FY 2012 AIDS budget: up, down, flat

The current fiscal year’s budget was cut to the bone; next year’s will be cut to the marrow, said Senator Tom Harkin (D-Iowa), chairman of the U.S. Senate subcommittee on appropriations for the departments of Labor, Health and Human Services, and Education.

Harkin made his prediction Tuesday, September 20, during the subcommittee’s one and only mark-up of the appropriations bill to fund the three major departments for Fiscal Year 2012. On Wednesday, the full Senate Appropriations Committee voted to begin debate on the measure in committee. That vote was 16 to 14, along party lines.

Fiscal Year 2012 begins on October 1, meaning, like last year, the appropriations won’t be finalized until well into the fiscal year. But previous legislation regarding the nation’s debt ceiling has already prescribed some tough limits in funding. That includes a reduction of $300 million from these three departments collectively, to a total of $157 billion.

The good news, relatively speaking, is that AIDS-related funding –so far— is flat.

“While overall spending in the bill was cut by over $300 million compared to last year,” noted a press release from The AIDS Institute, a national non-profit group that advocates for AIDS programs, “most domestic HIV/AIDS programs were flat funded, including HIV prevention at the CDC and the Ryan White HIV/AIDS Program.”

And the AIDS Drug Assistance Program (ADAP), which helps fund medication for people with HIV/AIDS, was given a $15 million increase over last year’s $885 million to $900 million, said The AIDS Institute. But the amount, if approved, will still leave thousands of people on waiting lists to get help.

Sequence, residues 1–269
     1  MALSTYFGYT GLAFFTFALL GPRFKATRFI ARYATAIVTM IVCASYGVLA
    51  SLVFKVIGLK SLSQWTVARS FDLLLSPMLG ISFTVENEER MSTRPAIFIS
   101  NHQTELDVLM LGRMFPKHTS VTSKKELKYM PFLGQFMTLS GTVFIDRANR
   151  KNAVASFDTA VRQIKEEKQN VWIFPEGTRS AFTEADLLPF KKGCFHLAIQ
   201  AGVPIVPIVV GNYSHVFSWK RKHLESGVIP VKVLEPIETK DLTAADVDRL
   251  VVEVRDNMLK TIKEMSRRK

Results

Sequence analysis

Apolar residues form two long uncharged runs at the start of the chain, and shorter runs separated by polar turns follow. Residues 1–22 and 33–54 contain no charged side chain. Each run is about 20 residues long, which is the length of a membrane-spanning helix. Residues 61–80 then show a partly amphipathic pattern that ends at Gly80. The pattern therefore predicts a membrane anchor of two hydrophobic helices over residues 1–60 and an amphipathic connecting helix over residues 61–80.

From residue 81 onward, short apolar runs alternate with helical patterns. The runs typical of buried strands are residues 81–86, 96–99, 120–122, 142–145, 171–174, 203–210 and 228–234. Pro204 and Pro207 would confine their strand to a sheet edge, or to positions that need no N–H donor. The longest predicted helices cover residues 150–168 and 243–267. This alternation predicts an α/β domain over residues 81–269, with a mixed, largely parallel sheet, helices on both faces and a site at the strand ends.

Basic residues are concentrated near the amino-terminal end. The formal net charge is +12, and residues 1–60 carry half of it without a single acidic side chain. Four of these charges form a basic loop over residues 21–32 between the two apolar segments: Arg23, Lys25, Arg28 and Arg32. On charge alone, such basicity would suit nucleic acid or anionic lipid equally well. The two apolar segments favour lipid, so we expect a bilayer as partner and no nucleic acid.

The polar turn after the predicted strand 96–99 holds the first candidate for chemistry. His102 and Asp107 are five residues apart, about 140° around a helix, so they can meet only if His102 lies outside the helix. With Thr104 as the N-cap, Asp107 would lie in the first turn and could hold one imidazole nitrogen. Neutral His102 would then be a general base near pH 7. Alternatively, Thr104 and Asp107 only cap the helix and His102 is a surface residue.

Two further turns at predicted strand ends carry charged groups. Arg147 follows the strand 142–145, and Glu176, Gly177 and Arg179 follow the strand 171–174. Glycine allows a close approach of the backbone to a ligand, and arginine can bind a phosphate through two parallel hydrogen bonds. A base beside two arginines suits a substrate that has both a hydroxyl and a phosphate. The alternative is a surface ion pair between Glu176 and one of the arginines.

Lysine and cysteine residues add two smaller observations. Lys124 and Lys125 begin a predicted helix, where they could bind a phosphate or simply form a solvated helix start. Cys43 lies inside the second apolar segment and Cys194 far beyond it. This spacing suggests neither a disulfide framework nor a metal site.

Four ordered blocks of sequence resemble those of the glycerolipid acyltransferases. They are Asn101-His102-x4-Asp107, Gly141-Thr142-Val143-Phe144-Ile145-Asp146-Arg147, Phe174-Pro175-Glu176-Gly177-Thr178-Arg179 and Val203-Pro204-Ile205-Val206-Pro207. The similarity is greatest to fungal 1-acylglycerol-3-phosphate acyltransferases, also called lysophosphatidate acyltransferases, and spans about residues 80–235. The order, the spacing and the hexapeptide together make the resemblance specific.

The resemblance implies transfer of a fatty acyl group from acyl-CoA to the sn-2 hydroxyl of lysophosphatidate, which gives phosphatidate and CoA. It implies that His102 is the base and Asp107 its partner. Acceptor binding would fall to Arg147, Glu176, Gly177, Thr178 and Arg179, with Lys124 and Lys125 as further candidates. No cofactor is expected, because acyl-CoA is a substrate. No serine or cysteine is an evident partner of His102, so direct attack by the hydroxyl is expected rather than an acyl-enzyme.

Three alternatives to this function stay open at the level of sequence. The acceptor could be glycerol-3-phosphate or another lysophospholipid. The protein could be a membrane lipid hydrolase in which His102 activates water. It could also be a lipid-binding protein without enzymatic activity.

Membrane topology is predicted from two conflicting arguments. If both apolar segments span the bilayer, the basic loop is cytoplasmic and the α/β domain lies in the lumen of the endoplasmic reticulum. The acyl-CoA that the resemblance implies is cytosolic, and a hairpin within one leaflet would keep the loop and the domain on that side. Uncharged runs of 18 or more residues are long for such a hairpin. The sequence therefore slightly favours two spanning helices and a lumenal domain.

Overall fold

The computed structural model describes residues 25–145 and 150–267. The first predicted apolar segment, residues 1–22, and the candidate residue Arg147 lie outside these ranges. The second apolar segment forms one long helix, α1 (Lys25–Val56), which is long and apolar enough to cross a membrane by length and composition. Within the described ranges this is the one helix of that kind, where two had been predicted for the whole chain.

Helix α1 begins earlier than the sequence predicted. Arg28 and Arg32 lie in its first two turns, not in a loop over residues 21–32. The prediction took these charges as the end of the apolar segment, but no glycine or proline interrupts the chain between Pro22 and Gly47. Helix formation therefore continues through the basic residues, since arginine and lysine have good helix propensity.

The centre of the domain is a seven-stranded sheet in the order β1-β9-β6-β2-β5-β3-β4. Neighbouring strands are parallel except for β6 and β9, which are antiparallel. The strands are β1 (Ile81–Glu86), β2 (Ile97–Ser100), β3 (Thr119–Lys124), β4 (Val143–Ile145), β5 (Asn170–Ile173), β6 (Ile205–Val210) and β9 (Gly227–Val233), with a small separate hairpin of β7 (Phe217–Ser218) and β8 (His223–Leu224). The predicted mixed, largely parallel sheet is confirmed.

Even though that’s an increase in a time of dramatic cuts, Carl Schmid, deputy executive director of The AIDS Institute, called the ADAP level “extremely disappointing.”

“Without the necessary resources, the goals of the [Obama administration’s national AIDS] Strategy will not be achieved, and thousands of more people in the United States will needlessly become infected with HIV,” said Schmid.

Last year, about 7,900 people were on ADAP waiting lists in 11 states. Today, said Schmid, more than 8,800 people are on such lists in 10 states and another 445 have been dropped from the rolls in six states, due to budget constraints.

Last year’s budget ended 46 programs, noted Harkin, and the FY 12 budget eliminates funding of 15 more.

Despite the cuts, the real sticking point, politically, seems to be that the FY 12 bill includes full funding –$4.5 billion– for the Affordable Care Act, President Obama’s landmark bill to provide health care for all citizens. Republicans have made clear they want to defund the entire Act.

Senator Richard Shelby (R-Alabama), the ranking minority member of the appropriations subcommittee, said the U.S. “simply cannot afford another massive expansion of government through Obamacare.” “Obamacare” is the name Republicans have consistently used to describe the Affordable Care Act.

And, according to The Hill, a Capitol Hill newspaper, two Republican members of the House are holding up the FY12 appropriations bill in that chamber in an effort to cut the total for the three departments back from $157 billion to $139 billion.

During Tuesday’s Senate subcommittee vote, Harkin noted that Republican leaders of the House Labor-HHS subcommittee “couldn’t muster enough votes” to pass an FY12 bill there and have “abandoned all attempts to do so.”

But Republicans are not entirely hostile to all funding or even AIDS funding. U.S. Rep. Trent Franks (R-Ariz.) held a hearing in April to chastise the Obama administration for saying it would not defend the Defense of Marriage Act as constitutional in court. But, as of this month, Franks is co-chairing the Congressional HIV/AIDS Caucus, along with Rep. Jim McDermott (D-Calif.). The Caucus formed this month, with 59 original members, including Franks and three other Republicans.

The other Republicans in the Caucus include Reps. John Carter of Texas, David McKinley of West Virginia, Ileana Ros-Lehtinen of Florida.


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